AfDB backs 1,500MW Mozambique hydro plant


African Development Bank signs agreement with Gabinete de Implementação do Projecto Hidroeléctrico de Mphanda Nkuwa to provide advisory services for $4.5bn Mphanda Nkuwa project.

A major step forward has been taken for the $4.5bn Mphanda Nkuwa hydropower project in Mozambique, as the African Development Bank (AfDB) signs an agreement with delivery specialists. 

The project is located on the Zambezi River in the Marara District of the country’s Tete Province. The hydropower plant will be 60km downstream from Cahora Bassa dam and 70 km upstream from Tete city. A transmission system comprising 1,300km of 550kV high voltage DC transmission line between Cataxia and Maputo will also be constructed.

If financial closure can be achieved by the end of 2024, then the plant is expected to start generating electricity in 2031.

Mr Carlos Yum, director of Gabinete de Implementação do Projecto Hidroeléctrico de Mphanda Nkuwa, said: “The partnership with African Development Bank further strengthens the capacity of our implementing agency to develop the Mphanda Nkuwa project. The African Development Bank will ensure that world class environmental, social and governance and associated standards are adhered to during the development, and that the project is attractive to reputable developers, financiers and investors to ensure competitive and least-cost power for Mozambique and the region.” 

Continued expansion of Mozambique’s generation capacity is required to meet growing domestic demand and drive economic and social development. In addition, the southern Africa region offers market opportunities that Mozambique is well placed to meet as a supplier of competitively produced energy. Mphanda Nkuwa is projected  to have one of the lowest electricity production costs in the region.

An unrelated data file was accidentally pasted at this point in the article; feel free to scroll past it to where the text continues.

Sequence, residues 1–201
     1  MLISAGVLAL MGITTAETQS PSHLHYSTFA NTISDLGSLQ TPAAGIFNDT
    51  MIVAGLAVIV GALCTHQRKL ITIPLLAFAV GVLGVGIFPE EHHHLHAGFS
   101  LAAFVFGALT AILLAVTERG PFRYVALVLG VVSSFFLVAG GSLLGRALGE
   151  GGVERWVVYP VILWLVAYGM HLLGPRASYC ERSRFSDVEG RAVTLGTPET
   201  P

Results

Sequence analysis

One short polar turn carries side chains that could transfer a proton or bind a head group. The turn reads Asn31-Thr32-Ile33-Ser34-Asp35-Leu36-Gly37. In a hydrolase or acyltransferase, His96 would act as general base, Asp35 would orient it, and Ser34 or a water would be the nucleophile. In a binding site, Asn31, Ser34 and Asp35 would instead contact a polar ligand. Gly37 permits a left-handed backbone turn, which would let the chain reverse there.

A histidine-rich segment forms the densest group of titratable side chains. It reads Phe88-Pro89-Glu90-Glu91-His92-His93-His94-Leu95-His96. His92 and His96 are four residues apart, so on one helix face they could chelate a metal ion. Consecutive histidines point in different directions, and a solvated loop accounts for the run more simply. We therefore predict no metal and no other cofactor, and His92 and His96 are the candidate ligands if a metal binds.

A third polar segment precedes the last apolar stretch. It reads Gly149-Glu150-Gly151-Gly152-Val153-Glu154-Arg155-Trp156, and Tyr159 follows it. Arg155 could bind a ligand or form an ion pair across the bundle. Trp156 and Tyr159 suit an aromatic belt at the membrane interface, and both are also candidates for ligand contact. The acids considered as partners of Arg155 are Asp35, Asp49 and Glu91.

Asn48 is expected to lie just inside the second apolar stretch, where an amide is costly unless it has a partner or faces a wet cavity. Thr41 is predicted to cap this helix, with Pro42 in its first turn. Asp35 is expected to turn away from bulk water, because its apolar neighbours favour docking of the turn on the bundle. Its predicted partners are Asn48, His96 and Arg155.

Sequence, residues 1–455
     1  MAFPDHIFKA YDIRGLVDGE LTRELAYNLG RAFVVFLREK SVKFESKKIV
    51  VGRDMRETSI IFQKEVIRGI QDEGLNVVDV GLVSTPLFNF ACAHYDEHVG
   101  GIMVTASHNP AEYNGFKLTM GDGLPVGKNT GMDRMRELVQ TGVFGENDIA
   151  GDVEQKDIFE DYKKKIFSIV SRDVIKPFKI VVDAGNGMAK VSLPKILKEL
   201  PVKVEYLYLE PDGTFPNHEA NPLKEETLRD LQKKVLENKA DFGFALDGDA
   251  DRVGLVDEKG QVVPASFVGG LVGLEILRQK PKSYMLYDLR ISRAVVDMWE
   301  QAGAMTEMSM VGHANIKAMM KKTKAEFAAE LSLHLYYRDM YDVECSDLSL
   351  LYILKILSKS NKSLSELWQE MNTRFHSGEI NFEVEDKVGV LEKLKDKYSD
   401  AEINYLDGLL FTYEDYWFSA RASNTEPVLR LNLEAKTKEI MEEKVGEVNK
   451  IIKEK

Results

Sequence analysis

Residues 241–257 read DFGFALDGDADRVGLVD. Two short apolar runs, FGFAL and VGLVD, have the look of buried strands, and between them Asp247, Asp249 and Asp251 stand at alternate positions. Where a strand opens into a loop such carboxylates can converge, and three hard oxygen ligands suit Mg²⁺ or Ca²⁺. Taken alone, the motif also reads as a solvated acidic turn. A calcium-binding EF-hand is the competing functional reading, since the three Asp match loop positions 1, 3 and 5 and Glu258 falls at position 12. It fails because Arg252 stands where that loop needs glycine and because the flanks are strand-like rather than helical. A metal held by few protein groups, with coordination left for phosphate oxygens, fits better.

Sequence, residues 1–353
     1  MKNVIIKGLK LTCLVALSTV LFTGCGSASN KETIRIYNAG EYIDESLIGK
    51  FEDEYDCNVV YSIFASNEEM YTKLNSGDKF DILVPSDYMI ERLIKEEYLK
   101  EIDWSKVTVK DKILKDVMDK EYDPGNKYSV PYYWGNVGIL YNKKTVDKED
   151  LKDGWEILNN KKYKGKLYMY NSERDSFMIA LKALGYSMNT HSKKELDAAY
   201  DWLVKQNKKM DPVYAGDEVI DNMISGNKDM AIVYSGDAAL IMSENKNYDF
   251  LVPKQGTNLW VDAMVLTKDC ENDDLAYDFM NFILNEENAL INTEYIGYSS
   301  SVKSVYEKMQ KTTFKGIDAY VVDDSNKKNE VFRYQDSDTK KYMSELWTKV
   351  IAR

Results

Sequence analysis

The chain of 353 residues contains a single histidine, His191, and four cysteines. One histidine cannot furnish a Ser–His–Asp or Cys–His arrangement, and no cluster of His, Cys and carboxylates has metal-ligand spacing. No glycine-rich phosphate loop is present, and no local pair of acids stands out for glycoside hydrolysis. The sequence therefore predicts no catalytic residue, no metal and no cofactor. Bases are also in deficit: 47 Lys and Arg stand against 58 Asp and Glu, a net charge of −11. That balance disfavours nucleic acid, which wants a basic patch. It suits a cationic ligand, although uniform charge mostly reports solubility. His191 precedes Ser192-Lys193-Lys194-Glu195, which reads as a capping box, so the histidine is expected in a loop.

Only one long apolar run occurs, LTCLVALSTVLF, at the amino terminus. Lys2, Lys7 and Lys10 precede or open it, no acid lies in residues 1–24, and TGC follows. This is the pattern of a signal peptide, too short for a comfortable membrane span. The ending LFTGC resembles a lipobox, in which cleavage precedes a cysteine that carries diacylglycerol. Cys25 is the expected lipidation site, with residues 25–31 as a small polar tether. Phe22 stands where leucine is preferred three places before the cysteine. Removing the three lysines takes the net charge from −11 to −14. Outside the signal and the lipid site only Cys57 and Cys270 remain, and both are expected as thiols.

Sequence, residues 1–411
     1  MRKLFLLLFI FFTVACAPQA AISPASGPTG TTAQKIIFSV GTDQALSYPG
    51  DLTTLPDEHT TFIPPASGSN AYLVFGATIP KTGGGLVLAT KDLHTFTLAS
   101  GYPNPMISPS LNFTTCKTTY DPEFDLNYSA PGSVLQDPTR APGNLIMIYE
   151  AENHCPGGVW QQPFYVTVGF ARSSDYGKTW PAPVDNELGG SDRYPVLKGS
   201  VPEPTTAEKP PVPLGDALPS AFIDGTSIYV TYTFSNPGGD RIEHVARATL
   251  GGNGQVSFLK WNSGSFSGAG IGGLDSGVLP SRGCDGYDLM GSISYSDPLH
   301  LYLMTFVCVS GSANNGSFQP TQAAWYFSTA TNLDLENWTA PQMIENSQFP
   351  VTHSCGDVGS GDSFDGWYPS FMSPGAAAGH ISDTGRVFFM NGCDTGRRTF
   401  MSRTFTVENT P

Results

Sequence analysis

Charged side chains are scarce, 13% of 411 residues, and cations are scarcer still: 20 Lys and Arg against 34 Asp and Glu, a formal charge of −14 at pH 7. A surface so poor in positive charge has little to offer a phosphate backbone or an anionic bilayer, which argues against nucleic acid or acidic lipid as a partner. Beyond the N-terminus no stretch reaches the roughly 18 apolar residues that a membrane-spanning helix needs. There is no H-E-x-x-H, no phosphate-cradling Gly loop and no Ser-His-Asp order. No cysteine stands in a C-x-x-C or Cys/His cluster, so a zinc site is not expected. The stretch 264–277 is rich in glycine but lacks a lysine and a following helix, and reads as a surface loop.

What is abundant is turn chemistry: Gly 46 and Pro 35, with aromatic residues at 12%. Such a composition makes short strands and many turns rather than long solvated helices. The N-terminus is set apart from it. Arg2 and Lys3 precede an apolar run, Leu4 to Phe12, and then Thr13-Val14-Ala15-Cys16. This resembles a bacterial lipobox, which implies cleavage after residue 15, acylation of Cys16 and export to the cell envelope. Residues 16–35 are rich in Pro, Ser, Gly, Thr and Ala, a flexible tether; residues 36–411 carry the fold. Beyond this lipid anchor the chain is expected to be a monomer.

Dr Kevin Kariuki, African Development Bank vice president for power, energy, climate and green growth, commented: “The project reinforces our efforts to combat climate change in a region that is desperately short of power but equally in need of transformation and a just energy transition. It is also a great privilege to lead the bank’s team that will be executing this advisory mandate. We are honoured to be chosen by Mozambique to partner on this important project.” 

The project builds on earlier success in attracting  private investment into the country, including several independent power producers. These include the 175MW Central Térmica de Ressano Garcia,  the 120MW Central Térmica de Gigawatt, the 40MW Mocuba solar plant, the 40MW Metoro solar plant and, most recently, the 450MW Temane Power Project.